Rights

After publication of a CTM application, third parties may file observations setting forth the particular absolute grounds for ex parte refusal of the application under Article 7 CTMR. Such observations must be communicated to the applicant. Third parties are not, however, a party to any proceeding before OHIM based on such observations.

Filing Requirements

The application for a Community Trade Mark must contain: 1. a request for the registration of a Community Trade Mark; 2. information identifying the applicant; 3. a list of the goods or services for which the registration is requested; 4. a representation of the trademark. 5. if the applicant has appointed a representative, his name and the address of his place of business; , 6. where the priority of a previous application is claimed pursuant to Article 30 of the Regulation, a declaration to that effect, stating the date on which and the country in or for which the previous application was filed; 7. where the seniority of one or more earlier trademarks, registered in a member state, including a trademark registered in the Benelux countries or registered under international arrangements having effect in a member state (hereinafter referred to as earlier registered trademarks, as referred to in Article 34 of the Regulation) is claimed pursuant to Article 34 of the Regulation, a declaration to that effect, stating the member state or member states in or for which the earlier mark is registered, the date from which the relevant registration was effective, the number of the relevant registration, and the goods and services for which the mark is registered; 8. specification of the language in which the application has been filed, and of the second language; 9. the signature of the applicant or his representative. The application for a Community Trade Mark also requires the payment of the application fee and, when appropriate, of one or more class fees. Language regime for filing purposes: The application for a Community Trade Mark must be filed in one of the official languages of the European Community (20 languages). However, the applicant must indicate a second language which must be a language of the Office and the use of which he accepts as a possible language of proceedings for opposition, revocation or invalidity proceedings. The languages of the Office are English, French, German, Italian and Spanish. A CTM application may either be filed directly with the OHIM or else with any EU member state trademark office.

Evaluation & Review

The application procedure can be separated into the following stages: 1. Examination of the list of goods and services covered by the marks by OHIM; 2. Examination of the sign vis-8-vis possible absolute grounds of refusal by OHIM; 3. Publication of the mark; the time limit for filing an opposition expires three months following the publication date of the application; 4. If no oppositions are filed within the three-month period following publication, the CTM application proceeds to registration.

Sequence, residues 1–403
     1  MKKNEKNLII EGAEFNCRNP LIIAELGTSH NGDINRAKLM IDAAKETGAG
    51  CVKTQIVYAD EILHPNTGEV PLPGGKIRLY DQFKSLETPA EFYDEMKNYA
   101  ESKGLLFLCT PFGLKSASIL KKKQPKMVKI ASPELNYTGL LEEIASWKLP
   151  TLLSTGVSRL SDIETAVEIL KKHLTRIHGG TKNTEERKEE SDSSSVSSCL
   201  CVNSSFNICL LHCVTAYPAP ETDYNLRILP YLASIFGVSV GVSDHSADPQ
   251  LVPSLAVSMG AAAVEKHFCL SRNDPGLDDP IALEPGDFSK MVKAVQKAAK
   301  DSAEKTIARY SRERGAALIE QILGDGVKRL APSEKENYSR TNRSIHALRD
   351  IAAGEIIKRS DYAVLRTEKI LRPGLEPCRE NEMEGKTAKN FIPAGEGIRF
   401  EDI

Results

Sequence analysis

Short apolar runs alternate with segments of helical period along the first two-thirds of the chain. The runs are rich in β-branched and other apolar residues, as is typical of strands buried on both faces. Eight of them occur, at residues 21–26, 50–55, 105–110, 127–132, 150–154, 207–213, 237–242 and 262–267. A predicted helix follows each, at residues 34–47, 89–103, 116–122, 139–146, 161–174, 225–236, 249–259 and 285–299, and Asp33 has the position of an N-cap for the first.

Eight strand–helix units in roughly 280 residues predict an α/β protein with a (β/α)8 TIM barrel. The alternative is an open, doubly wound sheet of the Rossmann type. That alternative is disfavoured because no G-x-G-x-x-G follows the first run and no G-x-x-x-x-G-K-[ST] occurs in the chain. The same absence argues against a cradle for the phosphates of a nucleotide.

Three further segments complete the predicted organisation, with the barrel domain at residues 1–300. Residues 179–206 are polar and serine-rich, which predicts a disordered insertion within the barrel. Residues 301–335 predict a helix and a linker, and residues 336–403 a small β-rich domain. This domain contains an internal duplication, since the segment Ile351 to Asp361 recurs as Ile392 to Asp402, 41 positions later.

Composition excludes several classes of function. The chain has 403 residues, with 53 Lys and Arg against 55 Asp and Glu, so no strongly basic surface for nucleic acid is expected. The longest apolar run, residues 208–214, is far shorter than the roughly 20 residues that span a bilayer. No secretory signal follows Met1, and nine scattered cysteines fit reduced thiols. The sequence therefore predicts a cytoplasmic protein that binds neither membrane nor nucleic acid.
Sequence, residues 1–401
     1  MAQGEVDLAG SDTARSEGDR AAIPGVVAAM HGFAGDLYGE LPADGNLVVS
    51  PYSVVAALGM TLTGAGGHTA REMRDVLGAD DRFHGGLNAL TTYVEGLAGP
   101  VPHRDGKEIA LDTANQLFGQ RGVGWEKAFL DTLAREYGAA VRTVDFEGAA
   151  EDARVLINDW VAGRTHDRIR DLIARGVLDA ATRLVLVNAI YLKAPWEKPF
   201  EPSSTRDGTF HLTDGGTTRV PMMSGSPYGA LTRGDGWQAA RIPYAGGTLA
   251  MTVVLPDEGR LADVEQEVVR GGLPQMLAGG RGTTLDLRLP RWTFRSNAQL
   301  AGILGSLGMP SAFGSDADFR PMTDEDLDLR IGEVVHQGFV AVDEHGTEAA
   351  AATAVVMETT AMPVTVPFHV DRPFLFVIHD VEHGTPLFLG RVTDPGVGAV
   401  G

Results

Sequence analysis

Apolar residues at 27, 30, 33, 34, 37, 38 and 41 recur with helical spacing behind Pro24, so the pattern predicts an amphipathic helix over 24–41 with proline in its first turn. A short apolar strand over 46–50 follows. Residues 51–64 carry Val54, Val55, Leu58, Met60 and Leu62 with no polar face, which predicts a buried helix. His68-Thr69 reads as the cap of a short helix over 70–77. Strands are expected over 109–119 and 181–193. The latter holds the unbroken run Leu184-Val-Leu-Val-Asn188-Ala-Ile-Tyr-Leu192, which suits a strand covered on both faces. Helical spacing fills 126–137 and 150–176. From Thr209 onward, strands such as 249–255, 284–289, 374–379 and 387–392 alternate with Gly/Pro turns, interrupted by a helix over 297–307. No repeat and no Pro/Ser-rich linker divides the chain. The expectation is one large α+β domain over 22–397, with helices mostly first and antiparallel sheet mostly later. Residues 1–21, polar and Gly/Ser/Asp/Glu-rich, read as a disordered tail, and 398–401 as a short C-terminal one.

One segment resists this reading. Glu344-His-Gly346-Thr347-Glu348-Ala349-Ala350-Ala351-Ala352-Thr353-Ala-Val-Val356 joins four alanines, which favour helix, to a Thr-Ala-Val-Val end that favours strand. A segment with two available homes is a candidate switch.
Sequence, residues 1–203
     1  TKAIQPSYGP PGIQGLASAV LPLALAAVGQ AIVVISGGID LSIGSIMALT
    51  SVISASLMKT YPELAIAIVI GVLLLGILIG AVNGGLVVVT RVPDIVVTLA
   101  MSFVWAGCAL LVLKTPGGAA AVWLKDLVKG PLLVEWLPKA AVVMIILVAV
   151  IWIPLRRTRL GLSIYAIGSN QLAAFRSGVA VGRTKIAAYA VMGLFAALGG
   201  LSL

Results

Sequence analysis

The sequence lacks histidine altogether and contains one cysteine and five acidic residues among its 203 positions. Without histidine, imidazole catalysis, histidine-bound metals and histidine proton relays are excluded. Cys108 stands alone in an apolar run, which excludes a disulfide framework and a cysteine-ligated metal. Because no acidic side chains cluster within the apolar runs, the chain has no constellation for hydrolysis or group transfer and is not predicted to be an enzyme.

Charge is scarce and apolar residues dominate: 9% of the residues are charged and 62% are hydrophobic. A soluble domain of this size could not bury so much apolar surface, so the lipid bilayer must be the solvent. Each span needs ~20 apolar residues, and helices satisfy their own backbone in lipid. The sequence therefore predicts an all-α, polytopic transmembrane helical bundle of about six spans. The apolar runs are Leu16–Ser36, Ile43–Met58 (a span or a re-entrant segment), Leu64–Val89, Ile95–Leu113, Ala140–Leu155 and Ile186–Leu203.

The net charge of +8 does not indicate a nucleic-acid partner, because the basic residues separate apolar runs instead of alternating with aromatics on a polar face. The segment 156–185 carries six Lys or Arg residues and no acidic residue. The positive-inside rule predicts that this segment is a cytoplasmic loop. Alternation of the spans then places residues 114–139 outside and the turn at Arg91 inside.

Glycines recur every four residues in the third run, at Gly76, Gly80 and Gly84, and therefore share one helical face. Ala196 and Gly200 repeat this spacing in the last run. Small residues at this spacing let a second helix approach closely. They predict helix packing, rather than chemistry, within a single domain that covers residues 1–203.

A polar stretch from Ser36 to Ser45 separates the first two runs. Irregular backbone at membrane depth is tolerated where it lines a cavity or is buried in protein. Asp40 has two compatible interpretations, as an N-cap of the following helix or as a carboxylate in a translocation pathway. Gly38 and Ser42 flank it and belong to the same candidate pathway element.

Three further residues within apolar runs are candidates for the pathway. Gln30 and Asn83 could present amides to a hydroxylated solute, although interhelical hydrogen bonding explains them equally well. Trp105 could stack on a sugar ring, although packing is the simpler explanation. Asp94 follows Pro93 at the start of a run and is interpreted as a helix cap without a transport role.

Duration

The CTM registration is valid for a period of 10 years from the application filing date. Registration may be renewed for additional 10- year periods upon payment of renewal fees. The request for renewal and payment of fees must be submitted during the last six months of each term. The OHIM renewal fees are 1350 Euro via e-renewal or 1500 Euro via regular or nonelectronic renewal for a CTM registration containing goods or services in three classes.

Use

If, within a period of five years following registration, the proprietor has not put the Community Trade Mark to genuine use in the Community in connection with the goods or services in respect of which it is registered, or if such use has been suspended during an uninterrupted period of five years, the Community Trade Mark shall be subject to the sanctions provided for in this regulation, unless there are proper reasons for nonuse. A CTM registration is genuinely used if its use differs in elements which do not alter the distinctive character of the mark in the form in which it was registered or if the mark is affixed to goods or to the packaging thereof in the Community solely for export purposes. Use of the CTM with the consent of the proprietor constitutes use by the proprietor.

Domain Names

Since its introduction on April 7, 2006, more than 2 million .eu domain names have already been registered.' The .eu Top-Level Domain (TLD) is the first pan-regional domain name. It is open for any natural persons resident within the EU or businesses established in any of the 25 EU member states. The European Commission appointed EURid (The European Registry for Internet Domains) as the registry for .eu domains. The headquarters of EURid are located in Brussels, Belgium. Applications for.eu domains cannot be filed through EURid itself but have to be submitted via an accredited registrar. EURid operates a WHOIS database which includes information about the registrant and technical data.

Enforcement

EC Regulation No. 138312003 became effective throughout the European Union on July 1, 2004. Under this regulation, a wide range of intellectual property rights are protected against counterfeiting and/or piracy. Regulation No. 138312003 provides for both a procedural framework to be followed by customs officials, upon written application by the trademark proprietor, where counterfeitinglpiracy is suspected, as well as providing for specific measures to be taken once counterfeiting piracy has been established. The new, streamlined procedure set forth by this regulation authorizes direct contact with customs officials with respect to the seizure of goods without the need for prior judicial authorization.